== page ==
Insects don’t often get the attention of, say bears, or big cats, or wolves, but they make up a huge percentage of all known living species. So far, more a million different insect species have been documented, but experts estimate that the true number is much higher. The fact of the matter is that we just don’t know exactly how many different types of insects there are.
What we do know is that insects play several essential roles in our ecosystems. We also are beginning to realize that insect numbers are declining, perhaps drastically. Where we once used to take ants, and flies, and bees, and moths, and countless other types of insects for granted, we’re beginning to notice their absence.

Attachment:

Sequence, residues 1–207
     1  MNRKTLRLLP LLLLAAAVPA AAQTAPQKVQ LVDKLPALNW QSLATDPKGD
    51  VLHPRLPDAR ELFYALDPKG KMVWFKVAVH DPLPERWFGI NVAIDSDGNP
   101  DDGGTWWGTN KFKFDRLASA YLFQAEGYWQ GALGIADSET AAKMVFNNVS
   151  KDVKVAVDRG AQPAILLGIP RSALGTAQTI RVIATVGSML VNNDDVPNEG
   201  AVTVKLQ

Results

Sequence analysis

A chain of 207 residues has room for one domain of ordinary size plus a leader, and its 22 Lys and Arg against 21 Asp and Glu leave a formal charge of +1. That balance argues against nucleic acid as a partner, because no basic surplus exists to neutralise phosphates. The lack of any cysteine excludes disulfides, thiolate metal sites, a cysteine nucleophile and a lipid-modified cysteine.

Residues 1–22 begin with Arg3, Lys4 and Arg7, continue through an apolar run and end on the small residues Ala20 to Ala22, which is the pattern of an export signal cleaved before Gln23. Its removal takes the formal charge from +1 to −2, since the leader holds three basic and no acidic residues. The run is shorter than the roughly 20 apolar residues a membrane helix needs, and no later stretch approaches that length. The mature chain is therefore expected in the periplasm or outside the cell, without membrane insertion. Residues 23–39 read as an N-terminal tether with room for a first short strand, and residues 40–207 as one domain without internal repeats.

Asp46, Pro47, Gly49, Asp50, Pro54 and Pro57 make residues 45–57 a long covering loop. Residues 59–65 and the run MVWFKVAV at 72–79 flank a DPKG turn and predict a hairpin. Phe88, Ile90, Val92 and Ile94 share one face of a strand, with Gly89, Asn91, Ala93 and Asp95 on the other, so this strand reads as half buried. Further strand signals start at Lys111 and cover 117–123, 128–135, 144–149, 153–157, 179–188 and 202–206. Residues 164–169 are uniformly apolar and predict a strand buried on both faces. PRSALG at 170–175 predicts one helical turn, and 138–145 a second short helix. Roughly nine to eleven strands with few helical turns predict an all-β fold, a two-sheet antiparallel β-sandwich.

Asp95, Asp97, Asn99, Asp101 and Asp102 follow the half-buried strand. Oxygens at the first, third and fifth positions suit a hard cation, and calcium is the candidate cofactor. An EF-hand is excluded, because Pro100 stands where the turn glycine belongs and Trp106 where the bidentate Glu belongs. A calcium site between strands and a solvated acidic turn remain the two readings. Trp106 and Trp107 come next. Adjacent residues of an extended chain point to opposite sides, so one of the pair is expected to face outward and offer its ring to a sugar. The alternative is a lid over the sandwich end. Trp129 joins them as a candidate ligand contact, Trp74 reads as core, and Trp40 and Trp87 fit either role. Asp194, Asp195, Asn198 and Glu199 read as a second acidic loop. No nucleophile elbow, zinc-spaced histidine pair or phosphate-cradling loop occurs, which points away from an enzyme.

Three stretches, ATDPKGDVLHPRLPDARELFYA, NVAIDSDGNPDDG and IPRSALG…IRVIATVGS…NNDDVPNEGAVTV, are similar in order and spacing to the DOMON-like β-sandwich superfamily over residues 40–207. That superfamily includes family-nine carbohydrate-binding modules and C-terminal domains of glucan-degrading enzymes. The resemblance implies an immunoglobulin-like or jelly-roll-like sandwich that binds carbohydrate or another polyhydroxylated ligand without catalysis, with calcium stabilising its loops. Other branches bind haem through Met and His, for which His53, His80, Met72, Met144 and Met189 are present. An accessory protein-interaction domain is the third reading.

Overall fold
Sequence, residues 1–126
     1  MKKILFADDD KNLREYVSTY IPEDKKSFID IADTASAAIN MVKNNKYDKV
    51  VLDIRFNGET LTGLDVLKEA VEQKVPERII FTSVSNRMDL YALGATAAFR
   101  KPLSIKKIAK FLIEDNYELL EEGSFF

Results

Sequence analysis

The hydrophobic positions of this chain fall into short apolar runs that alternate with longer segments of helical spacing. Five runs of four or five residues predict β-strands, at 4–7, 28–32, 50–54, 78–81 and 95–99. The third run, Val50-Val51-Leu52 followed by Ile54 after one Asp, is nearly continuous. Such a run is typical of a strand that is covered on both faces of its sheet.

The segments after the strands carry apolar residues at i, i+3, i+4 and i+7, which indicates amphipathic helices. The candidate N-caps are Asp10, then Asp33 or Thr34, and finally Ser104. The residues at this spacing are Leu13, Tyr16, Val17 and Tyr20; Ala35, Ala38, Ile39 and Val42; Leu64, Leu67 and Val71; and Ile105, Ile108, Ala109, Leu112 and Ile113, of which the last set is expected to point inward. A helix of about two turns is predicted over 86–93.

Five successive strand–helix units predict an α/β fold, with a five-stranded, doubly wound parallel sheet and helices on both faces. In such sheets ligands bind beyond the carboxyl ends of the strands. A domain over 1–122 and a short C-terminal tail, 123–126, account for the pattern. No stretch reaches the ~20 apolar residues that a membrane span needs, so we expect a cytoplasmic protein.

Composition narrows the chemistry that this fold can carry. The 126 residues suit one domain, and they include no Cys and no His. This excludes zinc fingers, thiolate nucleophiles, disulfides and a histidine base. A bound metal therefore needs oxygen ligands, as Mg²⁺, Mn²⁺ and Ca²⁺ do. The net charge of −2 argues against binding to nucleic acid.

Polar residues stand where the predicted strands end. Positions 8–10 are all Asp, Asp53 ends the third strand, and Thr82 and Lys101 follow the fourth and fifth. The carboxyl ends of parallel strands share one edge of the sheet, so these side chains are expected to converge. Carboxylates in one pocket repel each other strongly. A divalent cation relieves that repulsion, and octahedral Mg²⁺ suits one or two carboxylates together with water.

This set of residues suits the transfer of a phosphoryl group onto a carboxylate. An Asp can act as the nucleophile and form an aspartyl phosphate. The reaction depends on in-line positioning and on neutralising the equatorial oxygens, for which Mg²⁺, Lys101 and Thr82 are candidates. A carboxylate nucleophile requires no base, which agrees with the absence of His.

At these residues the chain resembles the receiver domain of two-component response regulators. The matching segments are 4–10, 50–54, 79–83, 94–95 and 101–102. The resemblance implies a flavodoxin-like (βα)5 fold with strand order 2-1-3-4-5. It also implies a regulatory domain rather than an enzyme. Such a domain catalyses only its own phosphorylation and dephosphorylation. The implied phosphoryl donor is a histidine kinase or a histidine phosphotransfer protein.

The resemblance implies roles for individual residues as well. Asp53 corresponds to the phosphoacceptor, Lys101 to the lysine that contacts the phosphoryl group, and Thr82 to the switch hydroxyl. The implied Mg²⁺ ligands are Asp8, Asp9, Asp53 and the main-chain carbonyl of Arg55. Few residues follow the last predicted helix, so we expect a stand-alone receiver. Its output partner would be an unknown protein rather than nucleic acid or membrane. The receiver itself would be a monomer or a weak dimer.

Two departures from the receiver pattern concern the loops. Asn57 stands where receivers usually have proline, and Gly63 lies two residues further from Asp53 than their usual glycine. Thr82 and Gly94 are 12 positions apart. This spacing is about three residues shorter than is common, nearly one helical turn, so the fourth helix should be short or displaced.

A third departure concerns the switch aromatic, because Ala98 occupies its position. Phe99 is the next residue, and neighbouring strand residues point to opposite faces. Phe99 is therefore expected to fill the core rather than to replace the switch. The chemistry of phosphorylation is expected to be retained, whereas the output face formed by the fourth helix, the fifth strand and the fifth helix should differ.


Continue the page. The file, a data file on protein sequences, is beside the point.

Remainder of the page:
Terra Verde host and Earth Island Journal Managing Editor Zoe Loftus-Farren talks with Sarina Jepsen, director of endangered species and aquatic programs at the Xerces Society, and Tara Cornelisse, senior scientist with the Center for Biological Diversity to explore just how important insects are to our ecosystems, recent population declines, and what we do to help insects rebound.